By Michael R. Ash

Editor’s Note:  The following article is courtesy of FAIR, a non-profit organization dedicated to providing well-documented answers to criticisms of LDS doctrine, belief and practice.  FAIR can be found online at

Among the critics’ list of supposed Book of Mormon anachronisms are various metals and metallurgy (the process of altering ores into useful metals). These metals include brass, iron, and steel. This paper also discusses writings on metal plates and the possible composition of the Book of Mormon plates.


For years the best evidence suggested that metallurgy was unknown in the Americas until about 900 A.D. Recent studies have altered this view. “Current information,” writes one non-LDS scholar, “clearly indicates that by 1000 B.C. the most advanced metallurgy was being practiced in the Cauca Valley of Colombia.”1

Peruvians began metallurgy as early as 2000 B.C., and since it is generally accepted that Peru and Mesoamerica were in contact by trading, it seems reasonable that this knowledge was passed on to Mesoamerican peoples.  This is especially apparent since at least a dozen pieces of metal have been found in Mesoamerica dating to before 900 AD.2

The problem with ancient metal artifacts is that metal (left untreated or exposed to the elements) corrodes and deteriorates – especially in the humid and wet jungles of Mesoamerica. Language studies, however, help confirm that metallurgy was known anciently in the Americas.

Non-Mormon scholars who have reconstructed parts of several ancient Mesoamerican languages were puzzled to find a word for “metal” existed as early as 1000 B.C., while the early language of the Olmecs had a word for metal as early as 1500 B.C.3


Modern brass – an alloy of copper and zinc – is believed to have been invented in the sixteenth century. The Bible, however, uses the word “brass.” Biblical scholars generally explain that “brass” in the Bible actually refers to bronze.4

Other recent findings indicate actual “brass” (containing zinc) was used by the Etruscans as early as Lehi’s day, suggesting that the brass plates may have actually been made of brass.5


While critics have assured us that the Book of Mormon’s use of iron is anachronistic, recent research refutes this claim. A pottery vessel dating to around 300 A.D., for example, might have been used for smelting. A metallic mass within this vessel contained copper and iron. The archaeologist who made this find has also found a refined piece of iron in an ancient American tomb.6 Even one Book of Mormon critic (who questions the relationship between New World iron and Book of Mormon iron) acknowledges that the Olmecs of Central America (which correspond to logical Jaredite times/places) knew of and used “iron” as evidenced by iron mirrors.7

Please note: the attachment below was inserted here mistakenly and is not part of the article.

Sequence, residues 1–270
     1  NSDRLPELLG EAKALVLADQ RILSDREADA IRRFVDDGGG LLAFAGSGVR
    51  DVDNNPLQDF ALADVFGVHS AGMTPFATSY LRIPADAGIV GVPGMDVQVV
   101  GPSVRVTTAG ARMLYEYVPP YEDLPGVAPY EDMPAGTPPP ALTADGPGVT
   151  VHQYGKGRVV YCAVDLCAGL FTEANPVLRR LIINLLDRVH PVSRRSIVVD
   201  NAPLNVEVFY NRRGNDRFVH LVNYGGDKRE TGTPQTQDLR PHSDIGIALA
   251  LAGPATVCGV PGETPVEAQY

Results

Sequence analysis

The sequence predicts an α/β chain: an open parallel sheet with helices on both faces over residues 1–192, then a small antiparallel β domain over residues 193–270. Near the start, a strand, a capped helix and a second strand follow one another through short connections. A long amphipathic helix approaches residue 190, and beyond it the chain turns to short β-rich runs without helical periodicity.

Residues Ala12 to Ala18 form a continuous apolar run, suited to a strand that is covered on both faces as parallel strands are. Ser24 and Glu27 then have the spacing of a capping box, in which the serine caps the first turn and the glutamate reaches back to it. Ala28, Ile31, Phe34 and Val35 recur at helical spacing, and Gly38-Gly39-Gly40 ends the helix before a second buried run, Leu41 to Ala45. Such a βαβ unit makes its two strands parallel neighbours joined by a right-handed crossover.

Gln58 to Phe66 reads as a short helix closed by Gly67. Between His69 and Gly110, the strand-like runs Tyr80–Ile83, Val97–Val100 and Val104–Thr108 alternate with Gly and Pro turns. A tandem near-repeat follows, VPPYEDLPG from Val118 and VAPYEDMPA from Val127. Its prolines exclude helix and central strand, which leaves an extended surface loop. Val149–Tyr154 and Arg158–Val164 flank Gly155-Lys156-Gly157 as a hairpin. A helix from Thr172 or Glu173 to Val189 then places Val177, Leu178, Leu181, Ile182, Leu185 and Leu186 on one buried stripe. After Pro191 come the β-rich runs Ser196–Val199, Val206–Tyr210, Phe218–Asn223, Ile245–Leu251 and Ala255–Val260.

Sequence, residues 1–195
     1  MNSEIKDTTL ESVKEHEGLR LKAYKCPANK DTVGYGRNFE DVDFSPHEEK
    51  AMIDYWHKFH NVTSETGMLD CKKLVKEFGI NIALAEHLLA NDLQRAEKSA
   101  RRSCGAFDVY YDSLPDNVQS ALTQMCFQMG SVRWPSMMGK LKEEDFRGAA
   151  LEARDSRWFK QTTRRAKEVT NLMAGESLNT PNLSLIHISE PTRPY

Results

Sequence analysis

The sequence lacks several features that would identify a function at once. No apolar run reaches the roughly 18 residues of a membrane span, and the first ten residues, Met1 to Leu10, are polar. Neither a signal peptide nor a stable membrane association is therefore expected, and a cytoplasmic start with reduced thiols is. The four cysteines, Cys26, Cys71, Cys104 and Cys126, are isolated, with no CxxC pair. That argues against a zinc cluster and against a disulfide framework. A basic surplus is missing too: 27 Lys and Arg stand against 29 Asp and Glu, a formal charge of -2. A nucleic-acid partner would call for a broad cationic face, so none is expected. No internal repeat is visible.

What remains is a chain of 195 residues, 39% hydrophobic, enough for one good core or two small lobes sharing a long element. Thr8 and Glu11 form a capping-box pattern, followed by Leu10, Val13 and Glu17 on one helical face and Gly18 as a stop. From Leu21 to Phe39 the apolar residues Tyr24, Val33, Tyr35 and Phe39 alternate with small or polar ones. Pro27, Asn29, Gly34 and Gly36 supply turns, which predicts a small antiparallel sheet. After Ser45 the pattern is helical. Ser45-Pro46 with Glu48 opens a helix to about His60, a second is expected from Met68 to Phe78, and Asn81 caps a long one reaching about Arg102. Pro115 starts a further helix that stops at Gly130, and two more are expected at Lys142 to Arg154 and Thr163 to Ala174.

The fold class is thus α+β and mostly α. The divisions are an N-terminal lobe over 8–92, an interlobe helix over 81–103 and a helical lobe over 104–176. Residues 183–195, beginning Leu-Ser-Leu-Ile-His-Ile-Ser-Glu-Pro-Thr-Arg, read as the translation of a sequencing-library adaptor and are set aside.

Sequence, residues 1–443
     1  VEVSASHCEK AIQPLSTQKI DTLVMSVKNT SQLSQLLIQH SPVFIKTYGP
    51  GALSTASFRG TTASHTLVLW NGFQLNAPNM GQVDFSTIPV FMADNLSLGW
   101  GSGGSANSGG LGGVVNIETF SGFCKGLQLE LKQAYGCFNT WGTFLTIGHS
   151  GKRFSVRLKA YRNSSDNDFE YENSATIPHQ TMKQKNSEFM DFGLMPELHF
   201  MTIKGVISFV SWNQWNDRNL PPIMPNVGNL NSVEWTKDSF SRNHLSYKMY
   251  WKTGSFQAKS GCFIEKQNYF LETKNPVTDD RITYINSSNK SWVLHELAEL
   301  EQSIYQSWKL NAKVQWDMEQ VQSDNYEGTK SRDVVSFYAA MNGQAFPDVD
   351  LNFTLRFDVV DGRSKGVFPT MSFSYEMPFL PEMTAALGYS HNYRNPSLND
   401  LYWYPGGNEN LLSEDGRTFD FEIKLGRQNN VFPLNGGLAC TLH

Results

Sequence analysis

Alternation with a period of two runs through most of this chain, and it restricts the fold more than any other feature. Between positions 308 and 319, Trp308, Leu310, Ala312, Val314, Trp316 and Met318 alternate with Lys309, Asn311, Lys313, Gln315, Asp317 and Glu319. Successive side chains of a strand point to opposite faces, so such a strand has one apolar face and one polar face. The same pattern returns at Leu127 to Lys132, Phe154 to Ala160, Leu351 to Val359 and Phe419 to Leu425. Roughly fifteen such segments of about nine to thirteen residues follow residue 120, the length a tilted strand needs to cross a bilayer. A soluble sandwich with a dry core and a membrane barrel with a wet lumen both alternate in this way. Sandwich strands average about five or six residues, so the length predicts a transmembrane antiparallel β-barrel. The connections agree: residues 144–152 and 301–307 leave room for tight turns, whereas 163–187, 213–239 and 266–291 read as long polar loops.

In 1996, a non-LDS Olmec specialist, Dr. Anne Cyphers, noted that several tons of iron have been excavated from those sites.8 Dr. William Hamblin, in a discussion with John Clark (of the BYU archaeology department) asserts that “a total of 10 tons of iron has been found at San Lorenzo, in several massive hordes, the largest of which was 4 tons. Before the discovery of these hordes, only a few pieces of iron were known. They were discovered by using metal detectors.”9

The Olmecs’ mining of iron sounds remarkably like the Jaredites’: “and they did dig it out of the earth; wherefore they did cast up mighty heaps of earth to get … iron” (Ether 10:23).


The King James Bible often uses the word “steel” to refer to what we know today as bronze. Even experts have acknowledged a problem in terminology when discussing “steel” in antiquity. One early native chronicler, for example, wrote that the Tarascans (Mesoamerica’s most noted metallurgists at the time of the Spanish conquest) wore “steel” helmets.10 A type of “steel” – meteoric nickel-iron alloy – was available in Mesoamerica and some non-LDS scholars list the alloy as “steel.”11

The “Golden” Plates

According to Joseph Smith, the Book of Mormon was engraved on a stack of plates six inches wide, six inches thick, and eight inches long that had the “appearance of gold.”12  Many critics claim that gold plates of that dimension would weigh about 200 pounds – too heavy for Joseph to carry while running from his enemies.13 Those who handled the Book of Mormon, however, claim that the plates only weighed around 50 to 60 pounds.14

While a solid block of gold might weigh 200 pounds, unevenly hammered sheets of gold within the volume described by Joseph might only weigh 100 pounds. This is still much heavier than several Book of Mormon witnesses claimed.

Turning to the New World we find that the ancient inhabitants did indeed make engravings upon a metal that was lighter than gold but had the “appearance of gold.”  A 1984 article in Scientific America addressed the recent discovery of several large metal objects in South America. Most of these objects were made out of hammered sheet copper. When these copper sheets were first unearthed they were covered with a green corrosion. Once the corrosion was removed, however, they discovered that the copper had originally been covered with a thin layer of silver or gold so that these sheets “appeared to be made entirely out of those precious metals.”15